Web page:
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Risk of Staphylococcus aureus bacteraemia in patients with rheumatoid arthritis and the effect of orthopaedic implants on the risk: a nationwide observational cohort study

Publikation: Bidrag til tidsskrift/Konferencebidrag i tidsskrift /Bidrag til avisTidsskriftartikelForskningpeer review

  • S. S. Dieperink, Københavns Universitet
  • ,
  • B. Glintborg, Københavns Universitet
  • ,
  • L. B. Oestergaard, Københavns Universitet
  • ,
  • M. Nørgaard
  • T. Benfield, Københavns Universitet
  • ,
  • F. Mehnert
  • A. Petersen, Bacteria, Statens Serum Institut
  • ,
  • C. Torp-Pedersen, Københavns Universitet, Aalborg Universitet
  • ,
  • M. L. Hetland, Københavns Universitet

Objective: It remains disputed how much the risk of Staphylococcus aureus bacteraemia (SAB) is increased in patients with rheumatoid arthritis (RA), and the extent to which orthopaedic implants explain the risk. We assessed SAB incidence rates (IRs) and incidence rate ratios (IRRs), comparing RA patients with a general population cohort (GPC) and individuals with versus without orthopaedic implants. Method: Danish residents aged ≥ 18 years without prior RA or SAB (=GPC) were followed up for RA and microbiologically verified SAB events (1996–2017). IRRs were calculated by age- and sex-stratified Poisson regression adjusted for age, comorbidities, calendar year, and socioeconomic status. Results: The GPC comprised 5 398 690 individuals. We identified 33 567 incident RA patients (=RA cohort) (median follow-up 7.3 years, IQR 3.6–12.3). We observed 25 023 SAB events (n = 224 in the RA cohort). IRs per 100 000 person-years were 81.0 (RA cohort) and 29.9 (GPC). IRs increased with age. Adjusted IRRs in 18–59-year-old RA patients were 2.6 (95% confidence interval 1.8–3.7) for women and 1.8 (1.1–3.1) for men, compared with same sex and age group GPC. IRRs declined with age. Compared with the GPC without implants, IRRs for RA patients with implants ranged from 1.9 (1.3–2.8) (women ≥ 70 years) to 5.3 (2.2–12.8) (18–59-year-old men). Conclusion: In this nationwide registry-based cohort study RA was a risk factor for SAB, and orthopaedic implants further increased the risk. Clinicians should be aware of potential SAB in patients with RA and orthopaedic implants.

OriginalsprogEngelsk
TidsskriftScandinavian Journal of Rheumatology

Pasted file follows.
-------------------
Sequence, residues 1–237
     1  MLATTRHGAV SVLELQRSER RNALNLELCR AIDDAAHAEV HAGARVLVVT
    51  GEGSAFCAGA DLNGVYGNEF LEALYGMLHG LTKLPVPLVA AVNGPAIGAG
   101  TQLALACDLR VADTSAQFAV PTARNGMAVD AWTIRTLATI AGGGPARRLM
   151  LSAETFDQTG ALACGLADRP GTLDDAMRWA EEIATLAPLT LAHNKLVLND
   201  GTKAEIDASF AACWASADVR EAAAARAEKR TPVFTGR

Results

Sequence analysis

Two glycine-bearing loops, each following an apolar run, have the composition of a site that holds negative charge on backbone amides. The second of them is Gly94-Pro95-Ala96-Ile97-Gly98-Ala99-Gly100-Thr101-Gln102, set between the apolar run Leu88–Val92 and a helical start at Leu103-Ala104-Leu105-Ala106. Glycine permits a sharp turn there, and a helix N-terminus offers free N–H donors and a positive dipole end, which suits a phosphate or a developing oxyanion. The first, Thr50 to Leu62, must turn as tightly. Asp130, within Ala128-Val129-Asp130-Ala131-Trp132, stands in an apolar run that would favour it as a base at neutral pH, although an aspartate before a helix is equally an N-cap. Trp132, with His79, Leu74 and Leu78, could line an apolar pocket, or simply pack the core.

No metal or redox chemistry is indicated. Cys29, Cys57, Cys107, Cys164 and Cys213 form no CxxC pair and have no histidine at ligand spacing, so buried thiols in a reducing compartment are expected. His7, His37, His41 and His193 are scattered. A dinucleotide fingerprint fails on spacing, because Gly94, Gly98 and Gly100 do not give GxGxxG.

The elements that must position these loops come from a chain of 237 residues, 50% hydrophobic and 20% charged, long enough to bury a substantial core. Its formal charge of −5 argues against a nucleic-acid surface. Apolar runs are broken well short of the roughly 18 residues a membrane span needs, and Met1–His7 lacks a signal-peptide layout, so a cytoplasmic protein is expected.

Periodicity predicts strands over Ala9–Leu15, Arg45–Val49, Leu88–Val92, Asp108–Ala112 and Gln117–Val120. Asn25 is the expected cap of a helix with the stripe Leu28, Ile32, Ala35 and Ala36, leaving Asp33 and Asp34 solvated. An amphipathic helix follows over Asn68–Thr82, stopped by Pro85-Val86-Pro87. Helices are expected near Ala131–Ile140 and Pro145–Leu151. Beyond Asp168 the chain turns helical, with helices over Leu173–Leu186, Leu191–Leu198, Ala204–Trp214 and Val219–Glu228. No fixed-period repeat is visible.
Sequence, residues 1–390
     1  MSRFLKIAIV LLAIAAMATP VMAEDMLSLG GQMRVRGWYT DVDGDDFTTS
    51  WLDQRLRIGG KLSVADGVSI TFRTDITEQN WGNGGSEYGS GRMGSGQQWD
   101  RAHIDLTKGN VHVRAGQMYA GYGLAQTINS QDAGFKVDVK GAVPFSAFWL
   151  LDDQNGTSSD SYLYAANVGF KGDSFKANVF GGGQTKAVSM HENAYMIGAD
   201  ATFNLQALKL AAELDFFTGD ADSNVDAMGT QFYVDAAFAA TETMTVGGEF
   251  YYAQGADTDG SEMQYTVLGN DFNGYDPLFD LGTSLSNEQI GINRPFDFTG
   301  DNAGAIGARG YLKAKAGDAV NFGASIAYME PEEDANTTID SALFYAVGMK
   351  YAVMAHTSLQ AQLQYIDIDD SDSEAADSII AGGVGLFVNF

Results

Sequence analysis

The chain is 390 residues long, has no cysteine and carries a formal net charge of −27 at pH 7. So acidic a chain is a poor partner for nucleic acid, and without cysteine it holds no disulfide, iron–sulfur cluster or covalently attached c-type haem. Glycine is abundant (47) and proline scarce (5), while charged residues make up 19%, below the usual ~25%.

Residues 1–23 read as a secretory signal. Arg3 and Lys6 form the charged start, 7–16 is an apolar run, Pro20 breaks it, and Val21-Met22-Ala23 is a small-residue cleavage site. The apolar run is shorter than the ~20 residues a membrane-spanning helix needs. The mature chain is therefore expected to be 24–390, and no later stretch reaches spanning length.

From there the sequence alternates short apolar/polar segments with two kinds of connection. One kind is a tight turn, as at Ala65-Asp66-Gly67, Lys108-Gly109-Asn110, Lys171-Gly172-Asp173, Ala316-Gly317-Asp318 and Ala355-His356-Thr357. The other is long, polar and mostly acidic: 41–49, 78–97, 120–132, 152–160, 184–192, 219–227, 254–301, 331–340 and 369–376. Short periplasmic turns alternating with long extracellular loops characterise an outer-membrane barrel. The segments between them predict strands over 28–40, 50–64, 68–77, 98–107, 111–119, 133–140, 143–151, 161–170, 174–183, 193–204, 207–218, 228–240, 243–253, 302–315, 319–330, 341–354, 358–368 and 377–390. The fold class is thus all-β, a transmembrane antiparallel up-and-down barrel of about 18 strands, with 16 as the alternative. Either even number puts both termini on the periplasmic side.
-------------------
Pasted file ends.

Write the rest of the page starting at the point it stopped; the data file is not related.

Antal sider9
ISSN0300-9742
DOI
StatusE-pub ahead of print - 20 apr. 2022

Bibliografisk note

Funding Information:
We wish to thank patient representative Pia Lüchau Pedersen for her contribution to the development of the hypothesis and the Danish Rheumatism Association and Beckett-Fonden for their financial support.

Funding Information:
SSD received financial support from The Danish Rheumatism Association and Beckett-Fonden for the submitted work; outside the submitted work, BG received research grants from Pfizer, AbbVie and BMS; TB had contracts as principal investigator in clinical studies and received research grants, honorariums and consulting fees from Novo Nordisk Foundation, Simonsen Foundation, Lundbeck Foundation, Kai Foundation, Erik and Susanna Olesen’s Charitable Fund, GSK, Pfizer, Boehringer Ingelheim, Gilead Sciences, MSD, Roche, Novartis, Kancera AB and AbbVie and received trial medication for a clinical trial from Eli-Lilly; CTP received research grants from Bayer and Novo Nordisk Foundation; MLH received research grants from AbbVie, Biogen, BMS, Celltrion, Eli-Lilly, Janssen Biologics B.V, Lundbeck Foundation, MSD, Pfizer, Roche, Samsung Biopies, Sandoz and Novartis and chairs the steering committee of the Danish Rheumatology Quality Registry (DANBIO), which receives public funding from the hospital owners and funding from pharmaceutical companies and co-chairs EuroSpA, which generates real-world evidence of treatment of psoriatic arthritis and axial spondyloarthritis based on secondary data and is partly funded by Novartis.

Publisher Copyright:
© 2022 Scandinavian Journal of Rheumatology Foundation.

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